Rosenthal v. New York Life Ins. Co.Annotate this Case
304 U.S. 263 (1938)
U.S. Supreme Court
Rosenthal v. New York Life Ins. Co., 304 U.S. 263 (1938)
Rosenthal v. New York Life Insurance Co.
Decided May 16, 1938
304 U.S. 263
PETITION FOR WRIT OF CERTIORARI TO THE CIRCUIT COURT
OF APPEALS FOR THE EIGHTH CIRCUIT
Questions concerning reinstatement, lapse, contestability and extension of insurance policies are to be decided by the federal courts in accordance with the applicable state law. Ere Railroad v. Tompkins, ante, p. 304 U. S. 64.
Certiorari granted; 94 F.2d 675, vacated.
Petition for certiorari to review affirmance of a decree cancelling insurance reinstatements for fraud and dismissing counterclaims.
Respondent, New York Life Insurance Company, brought this suit to cancel two reinstatements of an insurance policy upon the ground that they were fraudulently procured. The Circuit Court of Appeals, affirming with modification a decree of the District Court, held that the agreement by which a lapsed policy is reinstated is a new agreement, as regards the effect of the incontestable clause in the policy, and that clause runs from the date of the reinstatement where the defense is fraud in its procurement, and, further, that the extended insurance under the policy in question was to be calculated from the anniversary date of the issue of the policy, and not from the anniversary date of the payment of the first premium. 94 F.2d 675.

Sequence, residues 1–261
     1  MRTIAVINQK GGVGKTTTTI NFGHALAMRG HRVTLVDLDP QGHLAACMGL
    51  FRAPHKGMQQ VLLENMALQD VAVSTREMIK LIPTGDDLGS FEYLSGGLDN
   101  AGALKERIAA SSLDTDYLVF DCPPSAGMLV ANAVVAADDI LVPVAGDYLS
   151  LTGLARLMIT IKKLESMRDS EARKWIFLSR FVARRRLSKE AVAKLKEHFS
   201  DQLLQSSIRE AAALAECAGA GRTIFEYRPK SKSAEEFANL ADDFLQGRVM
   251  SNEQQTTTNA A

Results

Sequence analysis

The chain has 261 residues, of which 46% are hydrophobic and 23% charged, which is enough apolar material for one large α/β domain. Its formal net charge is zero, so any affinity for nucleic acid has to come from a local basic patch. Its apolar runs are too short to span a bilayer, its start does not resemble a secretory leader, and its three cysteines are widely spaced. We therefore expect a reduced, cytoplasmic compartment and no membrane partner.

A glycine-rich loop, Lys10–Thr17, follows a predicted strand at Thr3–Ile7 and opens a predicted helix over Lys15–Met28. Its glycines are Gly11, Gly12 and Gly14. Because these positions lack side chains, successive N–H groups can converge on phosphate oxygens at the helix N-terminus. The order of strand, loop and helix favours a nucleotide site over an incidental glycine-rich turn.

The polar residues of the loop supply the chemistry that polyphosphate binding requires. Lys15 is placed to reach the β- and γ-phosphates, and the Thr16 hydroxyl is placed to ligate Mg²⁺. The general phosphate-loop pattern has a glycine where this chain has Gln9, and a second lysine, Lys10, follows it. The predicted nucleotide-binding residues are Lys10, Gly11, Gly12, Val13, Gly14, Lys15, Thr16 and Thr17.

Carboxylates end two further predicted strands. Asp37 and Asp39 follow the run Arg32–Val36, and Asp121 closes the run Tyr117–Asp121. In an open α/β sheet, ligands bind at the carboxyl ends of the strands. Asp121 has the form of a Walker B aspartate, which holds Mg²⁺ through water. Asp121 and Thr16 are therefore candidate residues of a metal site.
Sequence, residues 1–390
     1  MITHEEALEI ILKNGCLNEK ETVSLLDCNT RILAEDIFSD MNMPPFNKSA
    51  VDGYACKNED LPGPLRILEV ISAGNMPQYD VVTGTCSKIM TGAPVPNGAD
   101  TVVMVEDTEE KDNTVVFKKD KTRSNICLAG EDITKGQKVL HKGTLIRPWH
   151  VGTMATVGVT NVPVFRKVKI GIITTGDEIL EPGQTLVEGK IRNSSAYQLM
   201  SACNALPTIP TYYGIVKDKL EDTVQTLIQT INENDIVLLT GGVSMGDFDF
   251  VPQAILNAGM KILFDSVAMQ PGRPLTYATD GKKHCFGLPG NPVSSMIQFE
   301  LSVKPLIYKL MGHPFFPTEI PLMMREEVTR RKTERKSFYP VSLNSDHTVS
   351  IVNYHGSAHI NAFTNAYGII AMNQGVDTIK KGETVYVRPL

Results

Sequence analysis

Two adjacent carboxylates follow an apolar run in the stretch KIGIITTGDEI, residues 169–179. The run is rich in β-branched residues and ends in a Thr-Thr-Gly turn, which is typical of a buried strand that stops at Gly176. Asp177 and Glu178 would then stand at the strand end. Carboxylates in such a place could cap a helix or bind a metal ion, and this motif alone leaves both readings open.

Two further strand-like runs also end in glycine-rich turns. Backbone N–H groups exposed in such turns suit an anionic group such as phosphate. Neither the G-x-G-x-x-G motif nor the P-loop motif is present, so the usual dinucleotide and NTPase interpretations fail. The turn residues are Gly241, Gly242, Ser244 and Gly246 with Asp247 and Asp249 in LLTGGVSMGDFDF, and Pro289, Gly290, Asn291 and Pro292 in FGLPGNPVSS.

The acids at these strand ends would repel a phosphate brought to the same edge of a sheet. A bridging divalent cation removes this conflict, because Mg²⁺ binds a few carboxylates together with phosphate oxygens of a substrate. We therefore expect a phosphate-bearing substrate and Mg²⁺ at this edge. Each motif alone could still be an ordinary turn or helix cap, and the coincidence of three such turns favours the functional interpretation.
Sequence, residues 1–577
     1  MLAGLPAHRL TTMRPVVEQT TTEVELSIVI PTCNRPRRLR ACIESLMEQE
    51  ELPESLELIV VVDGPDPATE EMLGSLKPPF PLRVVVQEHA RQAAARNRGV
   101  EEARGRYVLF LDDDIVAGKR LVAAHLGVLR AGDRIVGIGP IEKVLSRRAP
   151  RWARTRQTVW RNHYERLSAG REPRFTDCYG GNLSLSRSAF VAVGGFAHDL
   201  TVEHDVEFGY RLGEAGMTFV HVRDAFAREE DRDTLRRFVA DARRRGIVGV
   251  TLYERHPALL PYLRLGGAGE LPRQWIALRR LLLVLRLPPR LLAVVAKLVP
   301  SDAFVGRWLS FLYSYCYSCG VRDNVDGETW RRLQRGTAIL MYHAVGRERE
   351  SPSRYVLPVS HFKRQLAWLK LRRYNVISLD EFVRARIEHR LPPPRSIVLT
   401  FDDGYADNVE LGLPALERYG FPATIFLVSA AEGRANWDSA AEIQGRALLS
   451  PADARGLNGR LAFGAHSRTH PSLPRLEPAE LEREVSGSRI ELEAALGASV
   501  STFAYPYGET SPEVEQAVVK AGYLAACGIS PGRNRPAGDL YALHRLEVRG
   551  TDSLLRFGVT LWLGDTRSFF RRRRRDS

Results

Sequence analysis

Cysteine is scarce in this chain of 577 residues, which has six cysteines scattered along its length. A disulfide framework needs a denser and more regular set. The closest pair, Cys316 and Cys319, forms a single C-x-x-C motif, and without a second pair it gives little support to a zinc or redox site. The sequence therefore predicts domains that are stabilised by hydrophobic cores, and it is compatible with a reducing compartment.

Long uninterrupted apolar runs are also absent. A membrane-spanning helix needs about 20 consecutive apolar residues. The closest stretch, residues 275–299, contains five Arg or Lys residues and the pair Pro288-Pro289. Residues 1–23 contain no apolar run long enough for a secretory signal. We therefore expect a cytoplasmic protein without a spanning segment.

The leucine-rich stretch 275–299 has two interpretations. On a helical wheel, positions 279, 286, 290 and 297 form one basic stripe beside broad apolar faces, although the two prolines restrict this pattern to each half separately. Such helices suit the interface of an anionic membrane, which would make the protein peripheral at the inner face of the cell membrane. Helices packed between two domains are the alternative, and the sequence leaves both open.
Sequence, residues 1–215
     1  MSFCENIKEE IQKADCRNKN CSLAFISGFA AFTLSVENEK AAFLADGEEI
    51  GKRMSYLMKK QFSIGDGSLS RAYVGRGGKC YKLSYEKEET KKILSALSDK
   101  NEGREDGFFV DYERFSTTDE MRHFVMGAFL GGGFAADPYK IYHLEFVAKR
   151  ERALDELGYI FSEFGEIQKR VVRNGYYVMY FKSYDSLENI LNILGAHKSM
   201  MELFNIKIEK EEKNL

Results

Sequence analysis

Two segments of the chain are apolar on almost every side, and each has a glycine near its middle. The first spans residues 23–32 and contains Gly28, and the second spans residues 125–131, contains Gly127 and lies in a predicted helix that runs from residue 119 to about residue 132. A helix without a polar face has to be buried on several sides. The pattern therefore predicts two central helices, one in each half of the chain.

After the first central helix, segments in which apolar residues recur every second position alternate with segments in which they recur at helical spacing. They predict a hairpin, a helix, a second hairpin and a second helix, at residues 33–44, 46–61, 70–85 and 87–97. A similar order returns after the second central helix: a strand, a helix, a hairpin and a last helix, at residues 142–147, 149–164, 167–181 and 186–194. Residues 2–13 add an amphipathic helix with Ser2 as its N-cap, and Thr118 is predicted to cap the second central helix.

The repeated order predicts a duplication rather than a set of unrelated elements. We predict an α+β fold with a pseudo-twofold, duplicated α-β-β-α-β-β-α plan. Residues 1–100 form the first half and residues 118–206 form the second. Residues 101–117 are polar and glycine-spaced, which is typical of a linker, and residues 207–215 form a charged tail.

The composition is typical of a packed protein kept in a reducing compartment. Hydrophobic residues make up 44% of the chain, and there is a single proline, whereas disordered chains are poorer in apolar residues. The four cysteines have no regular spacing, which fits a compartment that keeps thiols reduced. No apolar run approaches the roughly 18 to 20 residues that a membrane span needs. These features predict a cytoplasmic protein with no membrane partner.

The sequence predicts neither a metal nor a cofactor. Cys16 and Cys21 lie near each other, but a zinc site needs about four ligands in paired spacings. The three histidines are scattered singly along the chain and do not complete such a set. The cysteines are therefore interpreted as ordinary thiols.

The District Court found that the policy was issued upon the joint lives of residents of Missouri and was applied for and delivered to the insured in that State. The Circuit Court of Appeals decided the questions, as above stated, as matters of general law according to the view of the court as to the weight of authority. Petitioners sought a rehearing upon the ground, among others, that the interpretation of the policy was governed by the law of Missouri. Rehearing was denied.
While respondent contends that the decision below is not in conflict with the local law, it is not necessary for us to determine that question. It is enough to say that the questions to be decided are those of state law, and should have been determined according to the decisions of the state court. Erie Railroad Co. v. Tompkins, ante, p. 304 U. S. 64; Ruhlin v. New York Life Ins. Co., ante, p. 304 U. S. 202.
Certiorari is granted, the judgment of the Circuit Court of Appeals is vacated, and the cause is remanded to that court for further proceedings in conformity with this opinion.
MR. JUSTICE CARDOZO took no part in the consideration and decision of this case.